The Japanese mobile phone market is incredible. If the iPhone hasn’t picked up steam in the island nation, it is probably for good reason: it simply doesn’t do half of the ‘mobile internet things‘ it needs to in order to be useful in Japan. One, is piracy. Apple’s sandboxed OS is great for stopping malicious code, and may even be the best way for porn connoisseurs to finally escape the viral effects of their habit. But, it isn’t a great platform for getting free music; especially in the land of the rising sun.
According to the Japanese newspaper, Yomiuri, certain BBS services and webpages are loaded with tunes for mobile phone users to capitalise on without having to part with any capital.
If my maths are correct, about 330 million songs are ‘legitimately’ downloaded in Japan yearly and about 400 million not so. Accordingly, both markets (if I may use the term) are the world’s largest in the mobile arena. On 16 September, a new system which is aimed to deter would-be pirates will be discussed by the bigwigs behind the RIAJ (Recording Industry Association of Japan), telecom operators, and others.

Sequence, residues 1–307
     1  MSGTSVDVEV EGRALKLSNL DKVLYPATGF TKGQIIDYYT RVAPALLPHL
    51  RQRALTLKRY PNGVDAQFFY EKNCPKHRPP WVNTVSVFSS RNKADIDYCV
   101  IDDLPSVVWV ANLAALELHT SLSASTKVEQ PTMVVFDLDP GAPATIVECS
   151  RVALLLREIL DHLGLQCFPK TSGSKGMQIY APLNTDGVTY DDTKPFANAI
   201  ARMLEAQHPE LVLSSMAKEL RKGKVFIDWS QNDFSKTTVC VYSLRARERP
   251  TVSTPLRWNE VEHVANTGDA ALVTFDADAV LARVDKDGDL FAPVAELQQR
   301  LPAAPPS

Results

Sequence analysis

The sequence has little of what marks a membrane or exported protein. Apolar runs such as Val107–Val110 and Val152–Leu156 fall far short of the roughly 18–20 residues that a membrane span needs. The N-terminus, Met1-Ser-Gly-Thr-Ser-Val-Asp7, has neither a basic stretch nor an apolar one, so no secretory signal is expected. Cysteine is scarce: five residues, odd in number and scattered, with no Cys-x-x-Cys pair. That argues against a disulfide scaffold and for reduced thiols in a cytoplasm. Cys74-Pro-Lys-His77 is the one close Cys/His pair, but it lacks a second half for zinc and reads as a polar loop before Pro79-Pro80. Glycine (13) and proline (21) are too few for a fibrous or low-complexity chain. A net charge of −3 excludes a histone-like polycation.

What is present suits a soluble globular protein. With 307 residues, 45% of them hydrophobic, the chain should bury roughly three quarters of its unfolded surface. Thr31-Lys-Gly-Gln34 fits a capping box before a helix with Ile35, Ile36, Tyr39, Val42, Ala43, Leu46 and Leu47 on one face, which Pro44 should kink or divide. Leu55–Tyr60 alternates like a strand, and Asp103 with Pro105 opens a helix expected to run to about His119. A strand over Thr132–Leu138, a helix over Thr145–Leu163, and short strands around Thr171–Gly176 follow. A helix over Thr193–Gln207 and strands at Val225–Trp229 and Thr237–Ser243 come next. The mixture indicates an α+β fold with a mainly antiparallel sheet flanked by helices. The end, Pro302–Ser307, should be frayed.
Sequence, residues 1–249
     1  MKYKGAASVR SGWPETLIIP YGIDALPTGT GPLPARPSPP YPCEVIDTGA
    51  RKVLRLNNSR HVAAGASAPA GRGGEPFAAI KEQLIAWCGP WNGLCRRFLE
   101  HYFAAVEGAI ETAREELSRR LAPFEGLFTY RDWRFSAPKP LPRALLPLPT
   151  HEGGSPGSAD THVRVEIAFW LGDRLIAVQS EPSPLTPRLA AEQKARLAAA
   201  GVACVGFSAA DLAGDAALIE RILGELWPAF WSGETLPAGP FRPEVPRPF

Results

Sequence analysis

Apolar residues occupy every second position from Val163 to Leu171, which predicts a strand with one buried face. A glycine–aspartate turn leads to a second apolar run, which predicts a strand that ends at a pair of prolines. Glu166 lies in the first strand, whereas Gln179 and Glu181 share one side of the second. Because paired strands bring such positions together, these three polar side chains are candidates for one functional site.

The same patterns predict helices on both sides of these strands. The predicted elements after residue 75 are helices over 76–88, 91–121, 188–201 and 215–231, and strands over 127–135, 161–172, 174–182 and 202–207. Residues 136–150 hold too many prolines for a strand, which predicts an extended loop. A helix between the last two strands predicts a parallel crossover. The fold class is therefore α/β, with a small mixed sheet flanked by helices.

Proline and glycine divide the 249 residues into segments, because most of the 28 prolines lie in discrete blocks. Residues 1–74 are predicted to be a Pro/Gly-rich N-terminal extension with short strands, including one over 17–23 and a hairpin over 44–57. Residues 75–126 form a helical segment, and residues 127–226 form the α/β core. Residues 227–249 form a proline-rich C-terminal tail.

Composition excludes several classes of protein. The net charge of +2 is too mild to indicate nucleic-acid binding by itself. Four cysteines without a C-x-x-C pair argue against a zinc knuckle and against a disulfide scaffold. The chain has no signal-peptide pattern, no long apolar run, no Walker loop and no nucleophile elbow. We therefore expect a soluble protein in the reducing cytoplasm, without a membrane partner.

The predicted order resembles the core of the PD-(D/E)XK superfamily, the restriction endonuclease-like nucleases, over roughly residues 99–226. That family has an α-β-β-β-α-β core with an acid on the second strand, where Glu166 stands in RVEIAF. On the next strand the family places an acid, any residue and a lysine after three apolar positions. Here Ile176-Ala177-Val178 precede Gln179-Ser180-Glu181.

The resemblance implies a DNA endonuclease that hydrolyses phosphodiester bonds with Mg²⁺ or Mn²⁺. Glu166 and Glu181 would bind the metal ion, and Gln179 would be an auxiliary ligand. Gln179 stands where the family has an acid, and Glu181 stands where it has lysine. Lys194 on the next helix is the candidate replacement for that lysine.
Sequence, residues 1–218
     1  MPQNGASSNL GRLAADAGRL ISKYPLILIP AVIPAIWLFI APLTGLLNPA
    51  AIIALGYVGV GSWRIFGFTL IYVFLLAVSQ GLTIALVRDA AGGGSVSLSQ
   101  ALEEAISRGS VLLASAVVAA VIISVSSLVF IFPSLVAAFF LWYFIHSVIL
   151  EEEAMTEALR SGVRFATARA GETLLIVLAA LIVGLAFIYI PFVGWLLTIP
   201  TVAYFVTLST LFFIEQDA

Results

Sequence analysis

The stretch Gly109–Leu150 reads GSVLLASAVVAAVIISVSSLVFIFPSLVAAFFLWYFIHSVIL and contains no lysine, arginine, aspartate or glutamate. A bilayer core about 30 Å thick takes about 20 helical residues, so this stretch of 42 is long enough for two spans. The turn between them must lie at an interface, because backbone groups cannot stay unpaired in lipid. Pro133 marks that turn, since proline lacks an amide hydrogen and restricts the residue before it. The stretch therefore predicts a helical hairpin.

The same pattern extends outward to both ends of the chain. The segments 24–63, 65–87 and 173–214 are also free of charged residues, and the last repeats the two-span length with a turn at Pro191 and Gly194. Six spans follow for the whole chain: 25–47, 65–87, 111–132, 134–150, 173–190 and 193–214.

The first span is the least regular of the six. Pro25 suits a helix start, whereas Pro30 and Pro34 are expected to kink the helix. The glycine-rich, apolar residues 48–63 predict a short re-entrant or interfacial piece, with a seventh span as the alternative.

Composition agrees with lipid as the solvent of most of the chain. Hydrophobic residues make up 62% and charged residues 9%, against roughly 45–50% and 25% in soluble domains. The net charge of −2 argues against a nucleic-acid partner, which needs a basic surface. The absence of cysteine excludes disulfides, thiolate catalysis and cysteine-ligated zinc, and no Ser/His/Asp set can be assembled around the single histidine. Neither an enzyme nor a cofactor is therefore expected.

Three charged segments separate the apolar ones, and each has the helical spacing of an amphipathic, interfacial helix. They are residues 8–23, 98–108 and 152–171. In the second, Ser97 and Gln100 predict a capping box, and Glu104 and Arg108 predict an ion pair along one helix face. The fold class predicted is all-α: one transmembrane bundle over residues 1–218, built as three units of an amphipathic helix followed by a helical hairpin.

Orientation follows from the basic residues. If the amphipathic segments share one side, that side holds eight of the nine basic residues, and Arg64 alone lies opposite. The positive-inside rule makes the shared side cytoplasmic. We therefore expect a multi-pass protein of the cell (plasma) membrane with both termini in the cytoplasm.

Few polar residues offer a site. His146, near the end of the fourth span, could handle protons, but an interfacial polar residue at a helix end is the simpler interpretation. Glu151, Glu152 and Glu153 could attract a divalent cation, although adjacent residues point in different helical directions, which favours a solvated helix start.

Assuming that the room doesn’t implode in the absence of air, a new system should be in place by 2010 which will ‘deter’ a user from mobile phone piracy. Essentially, the system is a do-it-once-and-be-warned system. Users who engage in the same activity twice, however, will be remotely disconnected from their music, or terminated from similar downloads.
Interesting, but as with top-heavy system, the triumvirate composed of the RIAJ, telecome providers, and whomever else, will itself be costly, and in the end, only work as long as their security measures aren’t broken. The real problem isn’t piracy, it is that the system is way overpriced. Currently, Japanese users have to pay up to 300 yen per downloaded, low quality song; a price which is no different, and sometimes more expensive per album than a CD.
The RIAJ may think it fair to sell black and white photocopies of a book at similar prices to the real thing thing, but in turn, had better be ready to face up to its own malpractice. The system itself is overbearing. Another lumbering step, and it will only prove its daunting age to a generation of consumers who wants change.